The Wales Millennium Centre could remain closed until April next year due to the coronavirus pandemic, putting 250 jobs at risk.
All shows have been cancelled until the end of the year following the outbreak.
On Friday, staff were told the centre would remain closed until January “at least”, putting 85 permanent roles at risk of redundancy. Casual staff will also no longer be employed.
The Welsh Government said it was doing everything it could to help.
The centre blamed the “devastating impact” of coronavirus on the industry.
The centre, in Cardiff Bay, has been closed since coronavirus restrictions came into effect in March and faces losing about £20m in income.
Managing director Mathew Milsom said performances could not go ahead while social distancing measures – requiring people to remain 2m apart – were in place.
He said the centre would remain closed until January 2021, but managers would review the situation in September and may extend the closure until April.
“The coronavirus pandemic has had a devastating effect on theatres across the UK and, like many others, we have concluded that we won’t be able to put performances on our stages again while social distancing measures are in place.
“Under these circumstances we can’t open the theatre in a way that provides a good audience experience and that is economically viable for the centre and the producers who present their work here.”
The centre, which puts on its own productions and hosts visiting West End musicals, closed its doors on 17 March when people were told to avoid gatherings and crowded places.
Productions were cancelled until the end of the year, with visiting tours of the Lion King, due to start next month, and its Christmas performances of Phantom of the Opera, called off.
The centre’s main auditorium was also due to host Welsh National Opera’s autumn season, while its annual Festival of Voice has also been scrapped.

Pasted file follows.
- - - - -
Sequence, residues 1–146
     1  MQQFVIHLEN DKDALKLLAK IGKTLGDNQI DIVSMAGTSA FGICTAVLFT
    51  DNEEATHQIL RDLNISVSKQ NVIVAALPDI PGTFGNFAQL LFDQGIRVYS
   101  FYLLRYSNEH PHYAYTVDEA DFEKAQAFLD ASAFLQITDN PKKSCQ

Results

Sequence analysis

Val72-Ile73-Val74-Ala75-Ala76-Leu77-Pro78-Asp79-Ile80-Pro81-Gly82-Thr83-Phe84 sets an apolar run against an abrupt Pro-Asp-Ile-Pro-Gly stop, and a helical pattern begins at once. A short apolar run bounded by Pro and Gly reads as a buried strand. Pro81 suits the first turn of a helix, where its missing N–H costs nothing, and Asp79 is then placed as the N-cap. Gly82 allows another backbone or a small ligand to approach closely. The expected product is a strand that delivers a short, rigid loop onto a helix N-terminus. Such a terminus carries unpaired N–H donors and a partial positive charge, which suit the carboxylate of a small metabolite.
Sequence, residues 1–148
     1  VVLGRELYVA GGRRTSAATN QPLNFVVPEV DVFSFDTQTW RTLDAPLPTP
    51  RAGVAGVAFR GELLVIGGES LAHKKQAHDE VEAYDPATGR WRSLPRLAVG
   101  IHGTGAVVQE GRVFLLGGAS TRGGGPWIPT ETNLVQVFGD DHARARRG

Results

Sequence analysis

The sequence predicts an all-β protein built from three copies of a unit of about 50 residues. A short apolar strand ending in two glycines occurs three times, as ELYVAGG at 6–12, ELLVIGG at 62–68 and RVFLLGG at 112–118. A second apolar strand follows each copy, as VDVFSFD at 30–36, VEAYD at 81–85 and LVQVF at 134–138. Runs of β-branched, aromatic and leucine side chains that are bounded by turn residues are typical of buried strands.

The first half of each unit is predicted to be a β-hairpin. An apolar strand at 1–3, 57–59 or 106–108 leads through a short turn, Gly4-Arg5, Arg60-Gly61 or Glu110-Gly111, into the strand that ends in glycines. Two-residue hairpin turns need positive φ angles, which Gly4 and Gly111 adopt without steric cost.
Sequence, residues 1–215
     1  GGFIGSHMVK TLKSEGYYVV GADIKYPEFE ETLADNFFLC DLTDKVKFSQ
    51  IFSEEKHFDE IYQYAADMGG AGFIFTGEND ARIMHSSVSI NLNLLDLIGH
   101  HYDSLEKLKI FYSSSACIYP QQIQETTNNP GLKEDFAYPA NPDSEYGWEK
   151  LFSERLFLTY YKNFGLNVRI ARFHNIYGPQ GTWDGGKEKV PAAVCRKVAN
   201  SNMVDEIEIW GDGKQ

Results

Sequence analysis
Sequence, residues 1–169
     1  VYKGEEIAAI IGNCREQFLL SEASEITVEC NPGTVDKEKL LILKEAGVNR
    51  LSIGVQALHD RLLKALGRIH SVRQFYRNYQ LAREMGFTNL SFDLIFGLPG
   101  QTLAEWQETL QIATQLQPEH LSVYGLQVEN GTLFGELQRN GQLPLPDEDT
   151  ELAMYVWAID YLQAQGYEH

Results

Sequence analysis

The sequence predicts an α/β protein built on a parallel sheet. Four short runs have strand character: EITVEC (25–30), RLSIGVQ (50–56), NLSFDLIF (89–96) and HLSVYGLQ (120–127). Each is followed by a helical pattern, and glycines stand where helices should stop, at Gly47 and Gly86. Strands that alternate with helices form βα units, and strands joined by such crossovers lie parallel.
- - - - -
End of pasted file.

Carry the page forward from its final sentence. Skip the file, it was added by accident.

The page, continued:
The centre employs 140 permanent staff, with just over half are now at risk of redundancy.
Casual staff will also no longer be employed, meaning a total of 250 roles are affected.
The closure will also affect the 300 volunteers and freelancers who work at events and productions at the centre, which has about 1.6 million visitors every year.
While many staff have been furloughed, the WMC said it could not continue to pay them after the government scheme ends.
It has lost 85% of its income and the lack of ticket sales and commercial revenue means it can only continue with a reduced team of staff, it said.
It will rely on its annual grant from the Arts Council of Wales of £3.5m to fund its work while the doors are closed.
Mr Milson said the safety of audience members, staff and performers was of “paramount importance”.
“Therefore, we may have to consider extending the period of closure as government advice on mass gatherings becomes clearer over the coming weeks and months,” he added.
“We are also expecting significant disruption to the availability of touring shows for years to come, as productions are being cancelled and no new shows are being created.
“Whilst we are closed, we will do everything we can to keep our artistic and charitable work going, and to ensure that we are ready to reopen as soon as is practically possible.”
As well as its 1,850-seat Donal Gordon Theatre, the centre also has a 300-seat studio space, a cabaret bar, and hosts Radio Platfform, a youth-led radio station and training programme.
The wider complex is also home to the BBC National Orchestra of Wales, Welsh National Opera and National Dance Company Wales, which are unaffected by the announcement.
The Welsh Government said it was “acutely aware” of the challenges facing the arts and understands the “incredibly difficult decisions” some organisations now had to contemplate.
“We are doing everything we can to help and are continuing to call on the UK government to extend the Job Retention Scheme and to provide enhanced financial support,” a spokesman said.